“Considering how common illness is, how tremendous the spiritual change that it brings, how astonishing, when the lights of health go down, the undiscovered countries that are then disclosed…”Tweet
– Virginia Woolf
In the middle of the course of winter, and this year (2022) in particular, many communities around the world have been subject to virulent strains of illness. We treat illness as an inconvenience, something pestilent and unwanted, and we pay the details of illness, and especially the spiritual currency of these periods of interruption, little attention in the context of what should be otherwise active and healthy lives. In her essay On Being Ill, Virginia Woolf reflected on our relationship to illness with her signature insight and humor, deploring the paucity of language we have at our command to describe the permutations of the body. Inviting us back into the intelligence of the body, she reminds us: ‘literature does its best to maintain that its concern is with the mind,’ while ‘all day, all night, the body intervenes.’
Considering how common illness is, how tremendous the spiritual change that it brings, how astonishing, when the lights of health go down, the undiscovered countries that are then disclosed, what wastes and deserts of the soul a slight attack of influenza brings to light, what precipices and lawns sprinkled with bright flowers a little rise of temperature reveals, what ancient and obdurate oaks are uprooted in us in the act of sickness, how we go down into the pit of death and feel the waters of annihilation close above our heads and wake thinking to find ourselves in the presence of the angels and the harpers when we have a tooth out and come to the surface in the dentist’s arm chair and confuse his ‘Rinse the mouth—rinse the mouth’ with the greeting of the Deity stooping from the floor of Heaven to welcome us—when we think of this and infinitely more, as we are so frequently forced to think of it, it becomes strange indeed that illness has not taken its place with love, battle, and jealousy among the prime themes of literature.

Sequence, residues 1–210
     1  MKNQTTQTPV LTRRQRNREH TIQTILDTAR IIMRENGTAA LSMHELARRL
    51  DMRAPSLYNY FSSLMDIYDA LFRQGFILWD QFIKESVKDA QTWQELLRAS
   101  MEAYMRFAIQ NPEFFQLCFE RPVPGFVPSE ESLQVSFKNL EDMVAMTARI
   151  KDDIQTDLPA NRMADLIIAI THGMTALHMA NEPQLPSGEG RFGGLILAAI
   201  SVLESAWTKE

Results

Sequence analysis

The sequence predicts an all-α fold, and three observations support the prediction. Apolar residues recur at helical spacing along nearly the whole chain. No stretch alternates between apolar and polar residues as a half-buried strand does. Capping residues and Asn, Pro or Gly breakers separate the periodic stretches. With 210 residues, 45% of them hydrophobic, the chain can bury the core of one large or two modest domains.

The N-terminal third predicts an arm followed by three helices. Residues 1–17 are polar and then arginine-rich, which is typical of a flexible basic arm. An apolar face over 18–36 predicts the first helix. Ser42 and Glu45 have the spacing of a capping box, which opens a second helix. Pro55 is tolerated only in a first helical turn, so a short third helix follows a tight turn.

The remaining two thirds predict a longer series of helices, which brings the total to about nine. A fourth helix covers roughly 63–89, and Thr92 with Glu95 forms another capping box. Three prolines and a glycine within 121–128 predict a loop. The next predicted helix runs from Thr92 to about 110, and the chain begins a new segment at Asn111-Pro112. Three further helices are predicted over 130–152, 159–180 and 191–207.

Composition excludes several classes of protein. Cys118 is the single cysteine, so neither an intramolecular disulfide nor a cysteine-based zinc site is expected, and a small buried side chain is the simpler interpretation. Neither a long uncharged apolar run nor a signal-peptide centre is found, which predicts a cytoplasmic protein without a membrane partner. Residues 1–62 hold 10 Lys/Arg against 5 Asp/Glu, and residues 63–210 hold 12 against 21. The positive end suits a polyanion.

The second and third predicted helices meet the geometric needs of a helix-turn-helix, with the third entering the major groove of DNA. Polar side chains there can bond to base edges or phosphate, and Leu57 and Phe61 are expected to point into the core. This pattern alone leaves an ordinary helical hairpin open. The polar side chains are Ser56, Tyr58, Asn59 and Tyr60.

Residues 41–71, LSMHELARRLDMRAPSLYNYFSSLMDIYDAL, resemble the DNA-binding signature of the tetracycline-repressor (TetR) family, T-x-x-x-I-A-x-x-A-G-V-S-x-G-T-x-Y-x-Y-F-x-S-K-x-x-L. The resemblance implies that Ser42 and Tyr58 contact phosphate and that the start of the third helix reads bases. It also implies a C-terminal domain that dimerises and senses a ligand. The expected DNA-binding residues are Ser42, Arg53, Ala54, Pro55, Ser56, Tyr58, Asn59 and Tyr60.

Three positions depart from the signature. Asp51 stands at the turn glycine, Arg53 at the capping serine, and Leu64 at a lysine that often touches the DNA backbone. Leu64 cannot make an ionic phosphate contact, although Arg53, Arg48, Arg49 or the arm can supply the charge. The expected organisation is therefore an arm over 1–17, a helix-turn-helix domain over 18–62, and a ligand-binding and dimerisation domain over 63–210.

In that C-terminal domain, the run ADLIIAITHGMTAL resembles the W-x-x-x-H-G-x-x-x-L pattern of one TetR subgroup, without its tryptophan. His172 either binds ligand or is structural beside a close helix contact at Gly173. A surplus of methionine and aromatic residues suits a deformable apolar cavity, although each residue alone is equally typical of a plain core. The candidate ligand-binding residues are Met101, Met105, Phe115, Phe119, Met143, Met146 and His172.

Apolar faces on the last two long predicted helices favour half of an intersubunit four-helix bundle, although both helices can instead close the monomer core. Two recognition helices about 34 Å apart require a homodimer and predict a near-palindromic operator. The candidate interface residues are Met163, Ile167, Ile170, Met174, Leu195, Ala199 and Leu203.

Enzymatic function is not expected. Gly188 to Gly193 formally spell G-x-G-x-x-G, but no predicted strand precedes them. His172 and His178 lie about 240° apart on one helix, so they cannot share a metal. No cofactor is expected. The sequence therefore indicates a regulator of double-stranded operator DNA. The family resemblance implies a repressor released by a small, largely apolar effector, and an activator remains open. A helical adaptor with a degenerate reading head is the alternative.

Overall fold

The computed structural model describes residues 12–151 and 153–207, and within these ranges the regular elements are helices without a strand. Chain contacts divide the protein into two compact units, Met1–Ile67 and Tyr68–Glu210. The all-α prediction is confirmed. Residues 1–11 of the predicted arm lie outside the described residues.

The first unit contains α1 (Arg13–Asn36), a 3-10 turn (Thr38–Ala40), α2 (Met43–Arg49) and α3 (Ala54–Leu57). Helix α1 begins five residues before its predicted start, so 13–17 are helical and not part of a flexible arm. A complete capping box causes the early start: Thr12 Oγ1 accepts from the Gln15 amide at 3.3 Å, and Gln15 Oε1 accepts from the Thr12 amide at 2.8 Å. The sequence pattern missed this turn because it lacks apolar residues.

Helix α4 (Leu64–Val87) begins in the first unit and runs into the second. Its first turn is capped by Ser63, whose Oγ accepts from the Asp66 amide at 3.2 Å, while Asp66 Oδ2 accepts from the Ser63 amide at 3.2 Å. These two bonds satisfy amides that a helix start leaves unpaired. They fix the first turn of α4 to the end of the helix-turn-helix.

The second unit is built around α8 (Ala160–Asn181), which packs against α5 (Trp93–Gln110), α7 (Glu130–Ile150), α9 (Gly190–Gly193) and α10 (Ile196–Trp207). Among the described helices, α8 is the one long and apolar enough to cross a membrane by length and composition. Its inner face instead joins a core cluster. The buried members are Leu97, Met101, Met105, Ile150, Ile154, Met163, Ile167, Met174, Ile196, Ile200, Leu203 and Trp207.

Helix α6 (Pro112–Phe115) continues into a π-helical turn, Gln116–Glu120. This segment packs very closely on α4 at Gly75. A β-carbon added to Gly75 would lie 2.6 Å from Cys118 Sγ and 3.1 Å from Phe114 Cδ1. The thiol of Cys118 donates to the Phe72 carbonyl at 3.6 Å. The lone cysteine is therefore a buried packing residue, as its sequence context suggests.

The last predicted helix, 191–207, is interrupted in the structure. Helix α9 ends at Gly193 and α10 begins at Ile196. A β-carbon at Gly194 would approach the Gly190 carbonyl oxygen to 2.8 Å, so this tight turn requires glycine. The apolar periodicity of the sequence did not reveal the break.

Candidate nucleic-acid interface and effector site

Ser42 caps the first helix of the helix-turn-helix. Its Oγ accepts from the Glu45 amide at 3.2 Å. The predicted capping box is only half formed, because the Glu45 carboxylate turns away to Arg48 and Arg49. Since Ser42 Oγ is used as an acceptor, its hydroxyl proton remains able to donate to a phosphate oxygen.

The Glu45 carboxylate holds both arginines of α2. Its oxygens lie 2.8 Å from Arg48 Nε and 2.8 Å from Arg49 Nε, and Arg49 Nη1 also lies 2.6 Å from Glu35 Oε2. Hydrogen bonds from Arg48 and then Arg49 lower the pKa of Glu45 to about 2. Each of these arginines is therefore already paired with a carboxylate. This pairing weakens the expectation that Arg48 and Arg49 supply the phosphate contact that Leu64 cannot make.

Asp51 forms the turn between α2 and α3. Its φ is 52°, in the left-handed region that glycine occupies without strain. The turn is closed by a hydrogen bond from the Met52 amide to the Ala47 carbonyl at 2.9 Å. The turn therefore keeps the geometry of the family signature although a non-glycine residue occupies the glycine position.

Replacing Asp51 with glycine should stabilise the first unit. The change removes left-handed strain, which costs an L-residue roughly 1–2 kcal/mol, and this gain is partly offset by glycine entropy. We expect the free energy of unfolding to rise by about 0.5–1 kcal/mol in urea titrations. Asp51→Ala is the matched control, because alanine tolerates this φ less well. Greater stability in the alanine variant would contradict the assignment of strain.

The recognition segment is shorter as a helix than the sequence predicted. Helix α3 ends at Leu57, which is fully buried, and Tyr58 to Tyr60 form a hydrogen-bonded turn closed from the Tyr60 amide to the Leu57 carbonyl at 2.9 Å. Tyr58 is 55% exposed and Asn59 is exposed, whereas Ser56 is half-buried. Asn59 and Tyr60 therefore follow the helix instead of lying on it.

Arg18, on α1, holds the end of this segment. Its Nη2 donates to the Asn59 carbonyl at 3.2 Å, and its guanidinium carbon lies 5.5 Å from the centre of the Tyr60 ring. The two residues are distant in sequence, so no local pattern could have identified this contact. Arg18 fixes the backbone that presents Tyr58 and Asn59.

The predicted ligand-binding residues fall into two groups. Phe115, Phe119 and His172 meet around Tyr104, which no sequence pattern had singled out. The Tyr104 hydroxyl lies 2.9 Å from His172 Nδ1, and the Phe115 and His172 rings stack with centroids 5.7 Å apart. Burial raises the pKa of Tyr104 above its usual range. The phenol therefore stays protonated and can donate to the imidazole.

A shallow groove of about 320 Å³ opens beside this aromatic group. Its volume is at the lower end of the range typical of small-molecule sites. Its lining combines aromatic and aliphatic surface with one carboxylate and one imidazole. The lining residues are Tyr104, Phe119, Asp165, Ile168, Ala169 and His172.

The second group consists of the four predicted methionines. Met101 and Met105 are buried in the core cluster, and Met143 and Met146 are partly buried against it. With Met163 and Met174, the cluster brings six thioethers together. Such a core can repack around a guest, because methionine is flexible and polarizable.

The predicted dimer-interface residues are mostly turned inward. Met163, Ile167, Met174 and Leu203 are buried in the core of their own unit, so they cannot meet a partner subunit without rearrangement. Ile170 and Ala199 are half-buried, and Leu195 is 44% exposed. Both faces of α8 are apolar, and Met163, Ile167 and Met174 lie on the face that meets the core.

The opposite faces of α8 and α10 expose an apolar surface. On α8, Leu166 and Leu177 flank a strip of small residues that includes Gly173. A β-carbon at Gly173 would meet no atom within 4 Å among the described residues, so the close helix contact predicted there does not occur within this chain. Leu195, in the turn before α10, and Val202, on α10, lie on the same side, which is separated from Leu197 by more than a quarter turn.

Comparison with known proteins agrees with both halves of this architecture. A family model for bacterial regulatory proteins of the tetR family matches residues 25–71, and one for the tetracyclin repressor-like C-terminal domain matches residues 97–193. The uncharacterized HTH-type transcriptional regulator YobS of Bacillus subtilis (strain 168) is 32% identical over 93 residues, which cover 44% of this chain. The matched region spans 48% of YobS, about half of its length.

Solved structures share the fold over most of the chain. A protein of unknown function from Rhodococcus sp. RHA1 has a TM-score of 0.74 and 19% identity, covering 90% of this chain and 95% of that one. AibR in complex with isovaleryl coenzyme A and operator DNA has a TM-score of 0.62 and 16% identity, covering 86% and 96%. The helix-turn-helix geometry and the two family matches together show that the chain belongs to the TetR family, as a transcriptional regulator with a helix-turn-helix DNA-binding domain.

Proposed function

Novels, one would have thought, would have been devoted to influenza; epic poems to typhoid ; odes to pneumonia, lyrics to toothache. But no; with a few exceptions—De Quincey attempted something of the sort in The Opium Eater; there must be a volume or two about disease scattered through the pages of Proust—literature does its best to maintain that its concern is with the mind; that the body is a sheet of plain glass through which the soul looks straight and clear, and, save for one or two passions such as desire and greed, is null, negligible and nonexistent.
“Literature does its best to maintain that its concern is with the mind ; that the body is a sheet of plain glass through which the soul looks straight and clear, and, save for one or two passions such as desire and greed, is null, negligible and nonexistent.”
On the contrary, the very opposite is true. All day, all night the body intervenes; blunts or sharpens, colours or discolours, turns to wax in the warmth of June, hardens to tallow in the murk of February. The creature within can only gaze through the pane—smudged or rosy; it cannot separate off fro m the body like the sheath of a knife or the pod of a pea for a single instant; it must go through the whole unending procession of changes, heat and cold, comfort and discomfort, hunger and satisfaction, health and illness, until there comes the inevitable catastrophe; the body smashes itself to smithereens, and the soul (it is said) escapes. But of all this daily drama of the body there is no record.